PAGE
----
“The impediment of action becomes action. What stands in the way becomes the way,” says Joseph H. Brown, III, quoting Marcus Aurelius. Joe laughs ironically because he doesn’t allow anything to stand in the way of his vision.
When Joe couldn’t secure financing during the recession to build a crematory, he leaned a ladder against the side of his funeral home and climbed onto the roof. Setting the choke on his chainsaw, he pulled the cord and plunged the blade into the roofing membrane to cut out the stack hole. Then, Joe rallied members of his community to help him finish installing a 15 ton newly purchased—and self-financed—B&L Phoenix II.
And that was just the beginning.
The Brown family has been caring for Baltimore’s dead for generations. “I’m a fourth-generation undertaker,” Joe offers. He’s quick to add, “but first-generation cremationist.” The founder of the undertaking dynasty, Isaiah L. Brown, Sr., was born in 1860. A carpenter and livery owner by trade, he began burying the people in his South Baltimore neighborhood in 1896, running his undertaking establishment, Isaiah L. Brown and Sons Funeral Home, out of his modest Montgomery Street rowhome. His sons, Isaiah, Jr. and Roland took over the business, and ran it until their nephew, Joseph H. Brown, Jr. came onboard after returning from the Korean War. Joe, Jr. attended the American Academy in New York. After taking over the business from Roland, he opened the newly minted Joseph H. Brown, Jr. Funeral Home in 1973 in the 1900 Block of West Baltimore Street in West Baltimore. Joe, III remembers, “My dad was very proud of our new location. I was 13 at the time, and I was proud for him.”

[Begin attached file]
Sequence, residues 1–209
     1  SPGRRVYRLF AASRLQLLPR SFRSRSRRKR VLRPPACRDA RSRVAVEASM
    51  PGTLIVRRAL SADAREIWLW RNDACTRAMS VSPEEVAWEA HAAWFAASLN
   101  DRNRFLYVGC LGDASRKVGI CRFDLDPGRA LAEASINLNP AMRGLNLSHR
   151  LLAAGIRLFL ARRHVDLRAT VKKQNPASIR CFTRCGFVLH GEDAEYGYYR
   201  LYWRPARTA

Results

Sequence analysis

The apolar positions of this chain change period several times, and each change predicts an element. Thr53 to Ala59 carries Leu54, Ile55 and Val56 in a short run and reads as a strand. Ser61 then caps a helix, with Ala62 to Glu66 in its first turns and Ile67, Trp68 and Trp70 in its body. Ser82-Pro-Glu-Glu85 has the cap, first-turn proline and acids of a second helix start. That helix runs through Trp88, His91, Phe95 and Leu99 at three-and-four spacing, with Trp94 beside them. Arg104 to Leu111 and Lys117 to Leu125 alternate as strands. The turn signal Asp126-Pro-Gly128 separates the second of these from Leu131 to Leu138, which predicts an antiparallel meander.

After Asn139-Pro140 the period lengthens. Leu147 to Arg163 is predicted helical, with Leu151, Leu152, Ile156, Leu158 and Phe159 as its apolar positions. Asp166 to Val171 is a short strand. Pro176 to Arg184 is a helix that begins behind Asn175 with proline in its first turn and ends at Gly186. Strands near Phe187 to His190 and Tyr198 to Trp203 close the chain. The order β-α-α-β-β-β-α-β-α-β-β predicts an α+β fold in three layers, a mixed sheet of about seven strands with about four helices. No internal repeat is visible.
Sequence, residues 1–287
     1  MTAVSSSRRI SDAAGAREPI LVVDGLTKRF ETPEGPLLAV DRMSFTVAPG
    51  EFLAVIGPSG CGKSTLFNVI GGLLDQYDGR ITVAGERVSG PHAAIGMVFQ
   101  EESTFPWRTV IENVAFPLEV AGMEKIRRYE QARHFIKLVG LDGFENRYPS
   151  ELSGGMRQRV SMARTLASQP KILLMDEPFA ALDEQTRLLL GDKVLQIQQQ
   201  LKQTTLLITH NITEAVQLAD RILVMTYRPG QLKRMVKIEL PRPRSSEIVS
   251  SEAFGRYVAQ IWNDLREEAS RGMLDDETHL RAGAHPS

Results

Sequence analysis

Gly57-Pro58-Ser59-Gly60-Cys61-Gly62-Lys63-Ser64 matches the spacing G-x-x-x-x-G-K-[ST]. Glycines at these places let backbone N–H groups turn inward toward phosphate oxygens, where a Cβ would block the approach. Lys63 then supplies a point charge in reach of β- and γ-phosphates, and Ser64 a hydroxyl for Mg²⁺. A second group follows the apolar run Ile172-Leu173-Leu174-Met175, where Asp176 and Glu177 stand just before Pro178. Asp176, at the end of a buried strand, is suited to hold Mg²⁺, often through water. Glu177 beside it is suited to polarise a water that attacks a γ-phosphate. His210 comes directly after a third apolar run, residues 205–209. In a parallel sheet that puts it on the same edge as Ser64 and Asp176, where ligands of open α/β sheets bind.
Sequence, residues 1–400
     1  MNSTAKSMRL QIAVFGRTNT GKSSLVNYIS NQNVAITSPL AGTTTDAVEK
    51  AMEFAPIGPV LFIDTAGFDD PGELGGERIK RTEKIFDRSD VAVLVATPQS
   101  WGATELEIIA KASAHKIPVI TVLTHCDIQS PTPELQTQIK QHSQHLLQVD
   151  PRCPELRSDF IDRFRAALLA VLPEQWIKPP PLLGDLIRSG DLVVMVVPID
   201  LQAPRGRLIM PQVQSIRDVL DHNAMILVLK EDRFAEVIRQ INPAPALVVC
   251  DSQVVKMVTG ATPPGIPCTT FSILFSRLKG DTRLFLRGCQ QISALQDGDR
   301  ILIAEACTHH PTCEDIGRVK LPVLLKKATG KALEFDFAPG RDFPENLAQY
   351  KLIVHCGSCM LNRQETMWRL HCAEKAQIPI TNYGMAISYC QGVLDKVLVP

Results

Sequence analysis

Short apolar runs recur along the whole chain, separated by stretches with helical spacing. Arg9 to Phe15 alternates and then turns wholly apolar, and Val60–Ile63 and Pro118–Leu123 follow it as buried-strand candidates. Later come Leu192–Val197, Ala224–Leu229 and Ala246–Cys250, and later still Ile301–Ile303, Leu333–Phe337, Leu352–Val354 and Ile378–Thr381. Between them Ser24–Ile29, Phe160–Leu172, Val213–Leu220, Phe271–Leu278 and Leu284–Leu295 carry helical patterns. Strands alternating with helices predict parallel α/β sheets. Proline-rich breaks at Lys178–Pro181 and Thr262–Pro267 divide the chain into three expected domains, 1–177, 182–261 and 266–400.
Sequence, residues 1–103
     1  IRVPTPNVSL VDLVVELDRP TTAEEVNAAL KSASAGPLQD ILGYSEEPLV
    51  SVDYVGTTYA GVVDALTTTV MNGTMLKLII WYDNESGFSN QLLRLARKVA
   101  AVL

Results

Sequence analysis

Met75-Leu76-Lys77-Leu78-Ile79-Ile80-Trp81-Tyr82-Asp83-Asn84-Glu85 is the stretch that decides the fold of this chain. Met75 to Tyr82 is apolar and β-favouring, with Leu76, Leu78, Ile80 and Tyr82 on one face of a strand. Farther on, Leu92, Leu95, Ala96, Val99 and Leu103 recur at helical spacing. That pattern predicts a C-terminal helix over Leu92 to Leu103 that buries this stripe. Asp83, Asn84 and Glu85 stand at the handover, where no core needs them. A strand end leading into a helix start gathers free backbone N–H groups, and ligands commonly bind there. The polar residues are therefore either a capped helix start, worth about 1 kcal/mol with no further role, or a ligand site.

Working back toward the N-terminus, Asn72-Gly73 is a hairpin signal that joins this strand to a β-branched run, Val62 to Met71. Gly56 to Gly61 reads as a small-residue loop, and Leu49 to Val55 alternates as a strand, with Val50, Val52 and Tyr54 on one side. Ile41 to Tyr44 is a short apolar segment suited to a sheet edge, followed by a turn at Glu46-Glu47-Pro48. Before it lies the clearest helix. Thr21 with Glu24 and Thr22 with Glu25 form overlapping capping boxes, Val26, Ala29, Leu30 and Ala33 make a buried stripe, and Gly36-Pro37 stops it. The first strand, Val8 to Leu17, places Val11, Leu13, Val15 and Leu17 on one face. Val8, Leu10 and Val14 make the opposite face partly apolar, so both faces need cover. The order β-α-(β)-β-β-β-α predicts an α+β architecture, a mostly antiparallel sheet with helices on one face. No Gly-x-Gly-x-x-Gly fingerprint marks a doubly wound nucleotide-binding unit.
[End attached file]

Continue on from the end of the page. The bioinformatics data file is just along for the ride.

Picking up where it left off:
The new location was four stories above ground with the prep room in the basement. Joe, Jr. purchased the vacant lot next door and built an adjoining chapel. “But it was still a rowhome,” Joe recalls. “There was no parking. We had to double park cars in the street for a funeral, and to get a body into the chapel we had to put it in the hearse and drive it around the block.” The location served Joe, Jr. well, but seeing the need for additional growth he bought their current facility in 1996 at 2140 N. Fulton Street near Druid Hill Park. The move proved prescient and the funeral home now boasts the largest facility in Baltimore, sitting on 2.6 acres with 38,000 square feet spread over three buildings and ample parking—a rarity for a city funeral home. The main building features two chapels, the larger seating over 400 people and the smaller 100.
The path to funeral service wasn’t a linear one for Joe. He enlisted in the Navy and served for 11 years as a WestPac sailor in the South Pacific.
“I loved it. The navy enabled me to see the world,” he says, pride evident in his voice. “I thought I’d do that forever.” But caring for the dead is in his bones, and Joe found himself drawn to return to the family business. Stateside, stationed at the Washington Navy Yard, Joe attended UDC, earning a degree in mortuary science. After an honorable discharge as an HM1 (petty officer first class designation for a corpsman), Joe returned to his father’s side to serve the people of West Baltimore.
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